You Don’t Say, free verse by @jackaurquhart

©2014 by Jack Andrew Urquhart

??????????????????????????????????????????????????????????????????????????????????????????????????????????????

People say the damnedest things,
people meaning, you, of course—
say you can’t stand your mother,
whose definition of trauma
is a frizzled permanent wave.

Say that your children’s lunacy
makes of you a mental slave,
that their pecuniary dramas
bore you to bankruptcy.

 

 

Say you’d like to weed them—????????????????????????????????????????????????????????????????????????????????????????????????????????????
these bush-league blossoms—
from the rose garden
of your verdant dreams.

Say anything, in fact,
to blunt the prick and prickle
of these thorns in your side.

?????????????????????????????????????????????????????????????????????????????????????????????You don’t say
truth, of course:
that love is petulant
as a posy,
flagging and flowering
to the whims                                                           of temperamental climate;
that devotion can be cruel
and constant,
one day nurturing as a spring shower,
all drought and idle threats
the next.

 

You don’t say
the worst is complete conceit,????????????????????????????????????????????????????????????????
not a ghost of a chance
you’d follow through.

And so, your words
come back to haunt you—
every shade of hubris
every bald-face lie.

???????????????????????????????????????????????????????????????????????????????????????????????????????????????????????????????????????You don’t say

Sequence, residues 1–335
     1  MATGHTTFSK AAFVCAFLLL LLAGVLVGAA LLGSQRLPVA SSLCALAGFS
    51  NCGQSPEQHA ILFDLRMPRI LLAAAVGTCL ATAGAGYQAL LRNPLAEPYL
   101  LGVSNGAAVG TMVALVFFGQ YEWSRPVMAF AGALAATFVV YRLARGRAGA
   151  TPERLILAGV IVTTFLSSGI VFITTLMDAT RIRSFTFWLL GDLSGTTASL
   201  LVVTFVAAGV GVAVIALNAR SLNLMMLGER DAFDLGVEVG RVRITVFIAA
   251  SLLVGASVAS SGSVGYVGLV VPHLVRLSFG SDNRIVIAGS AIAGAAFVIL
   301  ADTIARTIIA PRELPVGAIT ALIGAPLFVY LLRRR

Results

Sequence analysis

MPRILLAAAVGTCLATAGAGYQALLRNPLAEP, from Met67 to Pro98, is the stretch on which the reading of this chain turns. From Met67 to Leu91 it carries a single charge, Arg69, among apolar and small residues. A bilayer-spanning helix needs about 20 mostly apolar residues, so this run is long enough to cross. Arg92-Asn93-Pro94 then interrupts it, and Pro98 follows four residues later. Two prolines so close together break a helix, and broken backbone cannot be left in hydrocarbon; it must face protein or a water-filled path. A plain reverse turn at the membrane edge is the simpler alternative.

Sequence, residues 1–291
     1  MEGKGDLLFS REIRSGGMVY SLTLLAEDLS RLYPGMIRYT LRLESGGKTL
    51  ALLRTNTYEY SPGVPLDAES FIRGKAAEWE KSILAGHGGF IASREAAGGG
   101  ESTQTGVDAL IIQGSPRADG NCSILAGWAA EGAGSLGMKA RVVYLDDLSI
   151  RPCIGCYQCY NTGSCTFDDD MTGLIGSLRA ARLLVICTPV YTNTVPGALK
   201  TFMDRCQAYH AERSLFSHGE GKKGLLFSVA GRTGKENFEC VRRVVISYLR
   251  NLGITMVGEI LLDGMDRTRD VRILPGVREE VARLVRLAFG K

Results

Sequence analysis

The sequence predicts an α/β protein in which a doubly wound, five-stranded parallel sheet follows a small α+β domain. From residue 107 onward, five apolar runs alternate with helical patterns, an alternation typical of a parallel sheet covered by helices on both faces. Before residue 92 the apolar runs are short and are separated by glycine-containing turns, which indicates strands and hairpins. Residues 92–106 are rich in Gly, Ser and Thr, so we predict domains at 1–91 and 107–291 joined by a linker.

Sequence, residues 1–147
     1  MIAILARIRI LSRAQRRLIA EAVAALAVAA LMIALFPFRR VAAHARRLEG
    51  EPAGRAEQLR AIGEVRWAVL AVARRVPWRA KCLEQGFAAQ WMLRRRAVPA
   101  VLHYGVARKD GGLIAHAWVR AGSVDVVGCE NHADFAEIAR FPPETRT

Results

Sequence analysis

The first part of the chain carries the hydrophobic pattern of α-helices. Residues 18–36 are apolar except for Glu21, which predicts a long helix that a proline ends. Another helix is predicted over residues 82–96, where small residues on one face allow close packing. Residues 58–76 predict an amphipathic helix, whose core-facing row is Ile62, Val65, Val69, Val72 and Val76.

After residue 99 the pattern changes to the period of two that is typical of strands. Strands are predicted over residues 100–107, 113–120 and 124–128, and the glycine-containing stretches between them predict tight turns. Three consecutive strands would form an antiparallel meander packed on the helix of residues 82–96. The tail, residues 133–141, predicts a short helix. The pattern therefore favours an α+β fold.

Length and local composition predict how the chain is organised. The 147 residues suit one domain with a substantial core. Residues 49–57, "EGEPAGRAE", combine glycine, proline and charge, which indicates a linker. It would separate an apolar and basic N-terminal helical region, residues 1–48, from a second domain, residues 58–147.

it serves you right,
damn fool!

To think that you
could make a master gardener,
to think that you
(of all people!)
could coax bouquets
from a briar patch.

            ***

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About jaurquhart

Jack Andrew Urquhart was born in the American South. Following undergraduate work at the University of Florida, Gainesville, he taught in Florida's public schools. He earned a Master of Arts degree in English, Creative Writing, from the University of Colorado at Boulder, where he was the winner of the Harcourt Brace Jovanovich Award for Fiction (1991). His work has appeared online at Clapboard House Literary Journal, Crazyhorse Literary Journal, and Standards: The International Journal of Multicultural Studies. He is the author of So They Say, a collection of self-contained, inter-connected stories and the short story, They Say You Can Stop Yourself Breathing. Formerly a writing instructor at the University of Colorado’s Writing Program, Mr. Urquhart was, until 2010, a senior analyst for the Judicial Branch of California. He resides in southern California.
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One Response to You Don’t Say, free verse by @jackaurquhart

  1. Ah, Jack, so poignant. I think all of us have experienced something like this.

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